Of the several species of Elm in the United States, White Elm is the most abundant. Other common species include Rock Elm, Slippery Elm, Cedar Elm and Winged Elm. Cedar Elm and Winged Elm are generally used for the same purposes as White Elm and are included in its classification. Rock Elm is heavier and harder than White Elm and ranks second only to Hickory where these properties are important. Slippery Elm is darker in color than either Rock Elm or White Elm and its mechanical properties are about mid-way between the two. It is little used because of its scarcity.
The chief difference between Northern and Southern Elm is in color and texture. Their mechanical properties are about the same. Northern Elm is of finer and more uniform texture with less interlocked and diagonal grain but its color and character is rather mild. Southern Elm has considerable character with colorful streaks and grain figure which make it particularly adaptable for decorative natural finish panel effects.
American Elm, while not considered a ranking cabinet wood, is a good furniture wood despite difficulties encountered in machining. Its bending properties make it a good wood for chair parts to be steam bent. Its better grades are used somewhat for exposed parts in high grade furniture but its tendency to warp prevents more extensive use in this field. Elm is also used considerably for cross-banding and corestocks.
Because of its toughness and bending properties, Elm has long been a favorite wood of the cooperage industry, chiefly for slack barrel staves and hoops. Lacking odor and taste, it is also popular for baskets, refrigerators and food containers. Elm's resistance to splitting, caused by screwing and nailing, causes it to be used extensively for crates, boxes, and shipping containers. Its bending property is also taken advantage of in boat building and in the aircraft industry for curved parts of small radii and bearing blocks.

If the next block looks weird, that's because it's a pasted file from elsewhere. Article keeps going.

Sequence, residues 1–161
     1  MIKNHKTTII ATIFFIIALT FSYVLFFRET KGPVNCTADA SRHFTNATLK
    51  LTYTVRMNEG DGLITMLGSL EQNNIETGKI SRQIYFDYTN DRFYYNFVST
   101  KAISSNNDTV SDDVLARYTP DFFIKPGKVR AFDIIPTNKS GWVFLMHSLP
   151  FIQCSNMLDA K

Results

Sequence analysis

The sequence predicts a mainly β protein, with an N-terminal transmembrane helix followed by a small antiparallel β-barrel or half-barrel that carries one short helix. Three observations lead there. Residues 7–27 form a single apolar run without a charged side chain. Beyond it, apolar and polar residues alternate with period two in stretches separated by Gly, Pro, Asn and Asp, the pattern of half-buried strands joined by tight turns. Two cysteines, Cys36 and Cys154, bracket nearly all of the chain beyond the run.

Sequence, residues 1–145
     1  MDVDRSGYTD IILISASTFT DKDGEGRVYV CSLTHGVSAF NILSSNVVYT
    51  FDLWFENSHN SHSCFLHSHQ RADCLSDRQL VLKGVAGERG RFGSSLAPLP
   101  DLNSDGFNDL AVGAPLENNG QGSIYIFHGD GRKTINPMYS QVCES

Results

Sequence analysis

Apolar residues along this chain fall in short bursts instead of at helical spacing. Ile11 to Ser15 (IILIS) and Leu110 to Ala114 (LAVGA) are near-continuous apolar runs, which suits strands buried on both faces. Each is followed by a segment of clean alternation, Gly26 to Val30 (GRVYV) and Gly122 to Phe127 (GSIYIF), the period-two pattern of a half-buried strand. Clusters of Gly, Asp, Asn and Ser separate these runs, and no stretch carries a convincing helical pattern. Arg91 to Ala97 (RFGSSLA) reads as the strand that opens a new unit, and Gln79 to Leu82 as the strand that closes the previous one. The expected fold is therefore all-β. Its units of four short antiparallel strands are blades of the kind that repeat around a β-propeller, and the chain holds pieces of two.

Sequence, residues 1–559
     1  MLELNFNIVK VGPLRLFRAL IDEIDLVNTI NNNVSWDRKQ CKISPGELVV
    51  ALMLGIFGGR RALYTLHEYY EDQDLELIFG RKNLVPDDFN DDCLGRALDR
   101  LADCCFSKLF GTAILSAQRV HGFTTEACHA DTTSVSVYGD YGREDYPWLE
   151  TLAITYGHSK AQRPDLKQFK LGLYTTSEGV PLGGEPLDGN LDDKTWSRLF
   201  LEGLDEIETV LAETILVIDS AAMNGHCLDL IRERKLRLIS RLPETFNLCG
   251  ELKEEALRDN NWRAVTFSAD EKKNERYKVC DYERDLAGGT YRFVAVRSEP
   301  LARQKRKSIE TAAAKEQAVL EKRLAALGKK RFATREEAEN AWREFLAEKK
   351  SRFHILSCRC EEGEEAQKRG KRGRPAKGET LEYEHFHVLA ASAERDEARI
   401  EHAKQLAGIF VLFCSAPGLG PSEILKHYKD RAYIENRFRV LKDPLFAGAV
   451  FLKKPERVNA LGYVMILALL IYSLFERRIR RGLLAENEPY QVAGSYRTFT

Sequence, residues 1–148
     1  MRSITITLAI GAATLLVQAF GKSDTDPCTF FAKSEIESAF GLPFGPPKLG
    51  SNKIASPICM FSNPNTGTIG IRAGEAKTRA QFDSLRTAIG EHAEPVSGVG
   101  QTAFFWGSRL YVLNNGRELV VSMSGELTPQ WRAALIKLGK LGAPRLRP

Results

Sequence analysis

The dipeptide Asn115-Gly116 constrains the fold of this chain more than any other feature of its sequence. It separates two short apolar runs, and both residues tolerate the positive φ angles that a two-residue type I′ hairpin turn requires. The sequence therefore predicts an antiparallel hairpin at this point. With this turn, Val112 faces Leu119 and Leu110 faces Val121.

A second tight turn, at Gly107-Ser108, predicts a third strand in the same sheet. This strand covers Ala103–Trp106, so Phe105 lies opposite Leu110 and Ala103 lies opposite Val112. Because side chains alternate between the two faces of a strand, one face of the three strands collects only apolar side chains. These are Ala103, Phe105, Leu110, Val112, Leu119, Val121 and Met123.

Besides being used for bent work, Elm's toughness makes it a preferred wood for wagon and vehicle manufacture, particularly the hubs of wheels. It is especially suited, not only because it is relatively hard and tough, but because it is usually so cross-grained as to be difficult to split. Elm is relatively easy to dry, sands well, but does not polish easily. When plain-sawed, it displays a pleasing appearance and is very attractive when properly filled and finished.
Other uses include flooring, fixtures, handles, saddle trees, sleds, sporting goods, toys, and woodenware novelties.
Natural color: Cream to brown.